What is Domain Masking?
Technically speaking, what is displayed in the address bar or URL field of a web browser can be altered. Changing the domain name in the displayed URL is called domain masking.
Domain masking is a very simple way to ‘cloak’ or ‘mask’ a domain name when it is being forwarded to another domain, by keeping the original masked domain name in the address bar of your browser.
When is Domain Masking done?
Domain masking is also useful if you have a really long domain name for your website eg., reallybadlonguglydomainname.com, but it is too long a domain name to remember or spell correctly. You don’t want to change all of the links in the website to use a new shorter domain name eg., newdomain.com, so you just forward the newdomain.com name to reallybadlonguglydomainname.com and domain mask it!
When the person types in newdomain.com they will actually go straight to the reallybadlonguglydomainname.com website and they will never know as it will only show newdomain.com in the address bar of their browser once the domain is masked.
Many times, advertising campaigns are run by companies from different domains and not the main website’s domain. This is usually done so that the main website’s server does not get extremely high traffic. Sometimes, advertising work is sub-contracted to agencies who run ads from their server or domain. When such situations arise, it would be a bad user experience if a visitor to the page saw a different domain name. It can even lead a person to think that the site has been hacked into. Domain masking is a useful way to make sure that a visitor to your advertisements see your domain name.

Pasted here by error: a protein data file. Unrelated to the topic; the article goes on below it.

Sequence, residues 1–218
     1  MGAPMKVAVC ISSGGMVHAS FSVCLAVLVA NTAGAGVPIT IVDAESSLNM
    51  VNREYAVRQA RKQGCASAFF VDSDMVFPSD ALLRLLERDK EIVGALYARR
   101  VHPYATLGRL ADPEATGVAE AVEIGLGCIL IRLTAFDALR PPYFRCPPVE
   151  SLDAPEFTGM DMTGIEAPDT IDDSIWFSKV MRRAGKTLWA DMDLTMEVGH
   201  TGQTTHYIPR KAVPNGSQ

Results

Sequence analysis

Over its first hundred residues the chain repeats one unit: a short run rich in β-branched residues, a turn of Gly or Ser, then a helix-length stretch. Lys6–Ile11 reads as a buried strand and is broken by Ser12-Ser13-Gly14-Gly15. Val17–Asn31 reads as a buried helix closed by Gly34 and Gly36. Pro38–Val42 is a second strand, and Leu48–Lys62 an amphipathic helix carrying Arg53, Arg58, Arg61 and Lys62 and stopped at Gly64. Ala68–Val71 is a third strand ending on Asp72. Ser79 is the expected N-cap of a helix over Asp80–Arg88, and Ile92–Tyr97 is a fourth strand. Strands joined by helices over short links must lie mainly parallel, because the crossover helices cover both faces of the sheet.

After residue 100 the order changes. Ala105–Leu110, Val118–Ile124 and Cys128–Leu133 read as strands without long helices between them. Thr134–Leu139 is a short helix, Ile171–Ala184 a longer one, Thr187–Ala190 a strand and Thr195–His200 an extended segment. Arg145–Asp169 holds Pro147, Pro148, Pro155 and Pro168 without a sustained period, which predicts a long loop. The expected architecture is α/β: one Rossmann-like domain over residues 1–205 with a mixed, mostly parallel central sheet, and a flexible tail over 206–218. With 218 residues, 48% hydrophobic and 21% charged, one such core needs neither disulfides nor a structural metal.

How is Domain Masking done?
Domain masking is handled in one of two different ways:
- Iframe the old site in the new masked domain page. This effectively creates a webpage that is running on the masked domain (eg. newdomain.com), and the masked domain has what acts like a window to view the other website’ page in.
- A better way to do domain masking is to let your web server handle it directly via a mod_rewrite command. This instructs your web server to setup the domain to be masked as an alias of the target domain, thus making the web server serve up pages for the same website under the non-aliased domain name as well as the aliased (domain masked) domain name.
Don’t worry about all of this though as if you are using Ballistic Domains, all of this setup will be done for you automatically via your control panel. All domains purchased through Ballistic Domains, or transferred to Ballistic Domains have FREE domain masking available for them. Just sign into your domain name control panel and setup domain masking there.
Domain Masking and SEO
Under most circumstances, domain masking results in search engines seeing two domains with the exact same content. As a result, search engines may remove pages from one of the two sites from its index. Usually the original or older content is retained. In extreme cases, if the domain masking is seen as a deception technique, then it may also result in penalization by search engines.
However, it doesn’t mean that domain masking should not be done. You can do domain masking provided you implement canonical tags on the pages in one of the two domains. A canonical tag tells search engines where the original version of any given page is to be found. By implementing a canonical tag, you would be mitigating the chances of search engines seeing two versions of the same page. Only the page in the canonical tag would be indexed in search results and the duplicate content would be ignored by search engines.
However, it is important to note that the slightest mistake in implementing the canonical tag can result in pages in your website disappearing from search engines. This should be implemented by web design and online marketing specialists.
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